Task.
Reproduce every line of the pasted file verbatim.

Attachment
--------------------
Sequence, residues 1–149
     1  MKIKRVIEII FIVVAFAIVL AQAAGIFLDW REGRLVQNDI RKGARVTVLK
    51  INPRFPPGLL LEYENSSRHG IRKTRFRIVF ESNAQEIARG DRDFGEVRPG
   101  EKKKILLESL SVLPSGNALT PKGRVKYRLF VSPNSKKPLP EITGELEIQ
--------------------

Sequence, residues 1–149
     1  MKIKRVIEII FIVVAFAIVL AQAAGIFLDW REGRLVQNDI RKGARVTVLK
    51  INPRFPPGLL LEYENSSRHG IRKTRFRIVF ESNAQEIARG DRDFGEVRPG
   101  EKKKILLESL SVLPSGNALT PKGRVKYRLF VSPNSKKPLP EITGELEIQ